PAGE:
I would say you are right on some level. Salvation history is a miracle of sorts. I’d say it does seem too good to be true. What else would you expect to find? We are talking about an omniscient, omnipotent, omnipresent God giving of Himself for our salvation out of love for us. Yeah, the cup is going to overflow a bit. And His Church. Her very existence through 2000 years of famine, plague, war, persecution, heresy, and schism is a miracle. Pride and human stupidity should of sank the ship long ago. But, she remains to shepherd souls to Christ.

      Do not base your belief or unbelief in God solely on the odds. Philosophy and science can only get you so far on the odds. In end, you either believe or you don’t. For myself, I am convinced by the proofs for the existence of God, but they are still only proofs. I have to take the leap. From a scientific perspective, the world make sense. Isn’t convenient that the world is created in such a way that we can discern its workings with our humble human minds? A world which opens its fruits up to us to live off of and possesses metals and materials from which we can craft and wield tools for our benefit and recreation. I mean, food, water, shelter is all we need but we are given the possibility and the means for so much more.

      I won’t say belief in God is easy. I will say this belief comes easier for some more than others, regardless of their sufferings or experiences. But, ease, or lack their of, in belief has no bearing on if God exists or not. I personally have never faced that particular cross. My faith difficulties came in living out what I believe. Which is also not necessarily easy. If your struggle is ‘does a god of some kind exist?’ start there and move forward. Struggles and doubts in faith are not wrong. Purposefully persisting in ignorance or turning a blind eye to what you know in your heart to be the truth is wrong. There is nothing wrong with the prayer, “God I do not believe. Please, help me with my unbelief.”

    6. Remove religion for a moment. Just look at the world. Could random chance have produced such a place with us in it?

      The likelihood is so infinitesimally small that there would have to be almost an infinite number of universes, all with different laws of nature and physical constants, for those of our universe to be just right for our existence. Even then, there would still have to be an intelligence behind the creation of such a ” multiverse”.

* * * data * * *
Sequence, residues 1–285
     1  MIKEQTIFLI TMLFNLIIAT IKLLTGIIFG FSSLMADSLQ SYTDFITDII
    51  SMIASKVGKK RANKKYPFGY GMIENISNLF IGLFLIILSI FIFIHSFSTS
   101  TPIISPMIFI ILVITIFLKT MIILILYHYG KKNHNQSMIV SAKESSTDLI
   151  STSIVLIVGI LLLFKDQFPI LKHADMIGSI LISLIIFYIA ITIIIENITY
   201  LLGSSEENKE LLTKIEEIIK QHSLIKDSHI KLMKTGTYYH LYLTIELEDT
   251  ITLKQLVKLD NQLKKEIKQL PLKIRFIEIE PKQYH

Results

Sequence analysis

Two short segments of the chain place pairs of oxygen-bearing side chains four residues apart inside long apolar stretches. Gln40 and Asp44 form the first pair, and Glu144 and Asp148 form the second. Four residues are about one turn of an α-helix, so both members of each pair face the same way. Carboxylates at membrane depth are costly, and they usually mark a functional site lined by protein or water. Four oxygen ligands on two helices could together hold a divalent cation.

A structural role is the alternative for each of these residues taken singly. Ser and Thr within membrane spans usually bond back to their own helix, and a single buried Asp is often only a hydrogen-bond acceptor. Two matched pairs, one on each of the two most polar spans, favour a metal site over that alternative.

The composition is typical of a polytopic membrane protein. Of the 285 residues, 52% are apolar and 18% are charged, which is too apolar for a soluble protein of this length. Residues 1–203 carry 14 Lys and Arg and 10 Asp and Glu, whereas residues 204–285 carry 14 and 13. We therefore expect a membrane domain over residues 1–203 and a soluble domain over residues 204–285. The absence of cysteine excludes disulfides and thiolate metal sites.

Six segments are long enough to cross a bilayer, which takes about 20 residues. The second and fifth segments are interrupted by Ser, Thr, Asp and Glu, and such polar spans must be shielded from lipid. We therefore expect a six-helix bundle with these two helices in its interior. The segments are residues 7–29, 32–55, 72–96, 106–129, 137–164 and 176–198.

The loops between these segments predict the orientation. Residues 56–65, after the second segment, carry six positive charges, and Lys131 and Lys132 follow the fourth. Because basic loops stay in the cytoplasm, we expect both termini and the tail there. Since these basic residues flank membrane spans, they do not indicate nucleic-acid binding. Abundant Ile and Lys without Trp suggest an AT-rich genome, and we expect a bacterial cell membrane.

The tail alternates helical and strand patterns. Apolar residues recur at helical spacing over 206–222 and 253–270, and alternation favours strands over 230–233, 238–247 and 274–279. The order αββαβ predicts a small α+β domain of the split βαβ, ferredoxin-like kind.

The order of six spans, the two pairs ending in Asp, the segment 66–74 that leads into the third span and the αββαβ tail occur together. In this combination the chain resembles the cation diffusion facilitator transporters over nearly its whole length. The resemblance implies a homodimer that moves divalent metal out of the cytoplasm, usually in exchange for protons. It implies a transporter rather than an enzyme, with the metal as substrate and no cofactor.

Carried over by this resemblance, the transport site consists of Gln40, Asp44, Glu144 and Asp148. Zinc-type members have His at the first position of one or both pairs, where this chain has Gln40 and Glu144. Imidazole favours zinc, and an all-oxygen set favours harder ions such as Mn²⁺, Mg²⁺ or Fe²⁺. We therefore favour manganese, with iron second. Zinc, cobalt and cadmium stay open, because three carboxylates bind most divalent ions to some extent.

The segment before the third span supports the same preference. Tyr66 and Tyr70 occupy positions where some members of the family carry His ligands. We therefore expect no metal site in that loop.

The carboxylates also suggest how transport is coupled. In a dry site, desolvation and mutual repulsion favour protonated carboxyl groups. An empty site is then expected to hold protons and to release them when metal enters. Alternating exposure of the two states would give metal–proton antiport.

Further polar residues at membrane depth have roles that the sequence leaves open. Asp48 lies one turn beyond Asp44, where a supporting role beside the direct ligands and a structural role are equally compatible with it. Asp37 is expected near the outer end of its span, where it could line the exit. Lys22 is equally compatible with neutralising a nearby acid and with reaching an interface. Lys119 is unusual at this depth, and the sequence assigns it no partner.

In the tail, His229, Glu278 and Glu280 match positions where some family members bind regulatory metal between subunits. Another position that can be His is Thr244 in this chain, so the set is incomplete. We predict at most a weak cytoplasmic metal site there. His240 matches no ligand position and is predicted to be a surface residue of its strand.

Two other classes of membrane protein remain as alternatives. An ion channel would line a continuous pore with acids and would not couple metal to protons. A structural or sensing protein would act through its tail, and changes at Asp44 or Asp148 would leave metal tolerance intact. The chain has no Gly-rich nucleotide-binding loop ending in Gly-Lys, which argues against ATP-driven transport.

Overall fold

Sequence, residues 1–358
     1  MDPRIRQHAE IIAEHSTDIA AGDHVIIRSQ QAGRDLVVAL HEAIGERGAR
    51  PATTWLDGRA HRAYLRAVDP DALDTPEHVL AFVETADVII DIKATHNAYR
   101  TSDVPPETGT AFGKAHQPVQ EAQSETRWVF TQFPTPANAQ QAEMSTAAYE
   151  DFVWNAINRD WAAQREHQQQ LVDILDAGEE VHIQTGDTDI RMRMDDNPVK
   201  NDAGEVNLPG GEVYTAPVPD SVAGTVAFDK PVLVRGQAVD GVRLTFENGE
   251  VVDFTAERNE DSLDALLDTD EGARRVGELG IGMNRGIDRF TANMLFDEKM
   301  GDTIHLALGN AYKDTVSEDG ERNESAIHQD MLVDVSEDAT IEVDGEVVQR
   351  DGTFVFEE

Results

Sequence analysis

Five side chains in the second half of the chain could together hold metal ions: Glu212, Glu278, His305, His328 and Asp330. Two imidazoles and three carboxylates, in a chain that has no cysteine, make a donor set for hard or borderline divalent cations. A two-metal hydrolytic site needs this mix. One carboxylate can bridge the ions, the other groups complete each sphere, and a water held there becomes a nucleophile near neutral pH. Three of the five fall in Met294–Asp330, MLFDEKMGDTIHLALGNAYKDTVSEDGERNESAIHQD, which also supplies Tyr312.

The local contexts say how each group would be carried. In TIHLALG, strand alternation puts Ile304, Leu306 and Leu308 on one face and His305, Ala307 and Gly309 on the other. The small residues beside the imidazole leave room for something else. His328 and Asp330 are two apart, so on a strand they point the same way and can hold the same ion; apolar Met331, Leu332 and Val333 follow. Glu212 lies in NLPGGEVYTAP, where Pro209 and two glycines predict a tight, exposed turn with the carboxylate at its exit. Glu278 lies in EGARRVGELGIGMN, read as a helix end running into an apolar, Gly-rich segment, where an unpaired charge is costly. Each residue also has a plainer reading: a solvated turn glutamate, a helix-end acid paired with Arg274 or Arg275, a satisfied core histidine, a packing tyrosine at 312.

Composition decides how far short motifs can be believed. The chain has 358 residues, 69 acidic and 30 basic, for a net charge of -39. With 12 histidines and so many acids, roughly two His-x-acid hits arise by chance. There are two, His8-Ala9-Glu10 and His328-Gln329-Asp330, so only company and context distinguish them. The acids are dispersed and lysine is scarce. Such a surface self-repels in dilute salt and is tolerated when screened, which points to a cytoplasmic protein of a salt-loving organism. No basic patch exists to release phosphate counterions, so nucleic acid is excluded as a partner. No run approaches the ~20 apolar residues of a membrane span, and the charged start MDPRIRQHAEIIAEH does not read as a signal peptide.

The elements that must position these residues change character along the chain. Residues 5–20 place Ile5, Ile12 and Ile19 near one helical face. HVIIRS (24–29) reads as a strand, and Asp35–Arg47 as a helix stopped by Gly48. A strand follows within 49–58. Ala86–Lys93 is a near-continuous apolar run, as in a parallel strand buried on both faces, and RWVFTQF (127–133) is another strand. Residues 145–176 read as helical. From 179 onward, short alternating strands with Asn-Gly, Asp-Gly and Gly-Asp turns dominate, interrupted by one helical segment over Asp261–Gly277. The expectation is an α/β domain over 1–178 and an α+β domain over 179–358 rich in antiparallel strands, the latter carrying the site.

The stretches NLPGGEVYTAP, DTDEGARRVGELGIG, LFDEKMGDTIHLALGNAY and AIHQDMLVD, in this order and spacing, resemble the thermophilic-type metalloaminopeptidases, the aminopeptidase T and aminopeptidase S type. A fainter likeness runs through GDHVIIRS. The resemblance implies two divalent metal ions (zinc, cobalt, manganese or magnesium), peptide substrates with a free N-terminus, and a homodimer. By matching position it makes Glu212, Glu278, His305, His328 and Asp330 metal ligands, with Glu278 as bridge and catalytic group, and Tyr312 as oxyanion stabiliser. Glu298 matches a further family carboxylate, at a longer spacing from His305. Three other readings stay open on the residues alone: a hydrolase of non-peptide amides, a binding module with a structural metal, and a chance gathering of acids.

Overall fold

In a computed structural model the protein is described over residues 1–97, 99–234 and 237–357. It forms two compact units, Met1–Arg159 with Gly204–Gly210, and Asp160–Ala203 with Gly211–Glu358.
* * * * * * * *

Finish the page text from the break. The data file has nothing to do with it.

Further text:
We are extremely blessed (fortunate) to have such a naturally beautiful universe and an ability to perceive it with our senses and appreciate that beauty. What are the chances? That’s a rhetorical question. Asking it is the first step in coming to believe is a supernatural intelligence that we call God.

    7. We are extremely blessed (fortunate) to have such a naturally beautiful universe and an ability to perceive it with our senses and appreciate that beauty. What are the chances? That’s a rhetorical question. Asking it is the first step in coming to believe is a supernatural intelligence that we call God.

      Indeed. A God who can only ever be Love.

      I would like to share here one of those wow moments for me.

      I have always had a kind of blur when trying to think of the Holy Spirit. The first phase of clarity for me was when I read (I think) St Augustine’s explanation that the Holy Spirit is the love between the Father and the Son. Although that gives some kind of clarity to my conception of the Holy, there is also this event of Pentecost. So these two ideas are kind of separate in my head.

      But several weeks ago, Tom and April Hoopes on their article “Jesus, the Reverse Moses” wrote: He promises not to leave it all up to them.
      “You will receive power when the Holy Spirit comes upon you,” he says, “and you will be my witnesses in Jerusalem, throughout Judea and Samaria and to the ends of the earth.”
      The Holy Spirit is God’s love — the power that created the earth and will renew it.
      It is that power we pray for as we await Pentecost.

      And then I thought Wow! What descended on the disciples at Pentecost is the Living Flame of God’s love and it is this Living Flame of Love that impelled them to proclaim the truth that God IS Love.

      Some days later as I read “Unbound” by Neal Lozano, he also said something similar. Can’t remember the exact words but something along the lines of Jesus BREATHING His LOVE into those areas of our heart that need it.
      So when you think of the Helper, the Advocate who speaks for us, then it becomes easier to get our head around this idea of God advocating for us, springing to our defence, because this Advocate is God’s Love.

    8. Yes. It all makes perfect sense. But this is as far as I can go because I really don’t like the God of the Bible. Jesus was the opposite of God. It is like doing business with Grumpy and Son and only wanting to deal with the son. It is only trusting Jesus when he says his father is really a good person once you get to know him that would make anyone want to have anything to do with him. The Old Testament God is not someone I want to hang out with.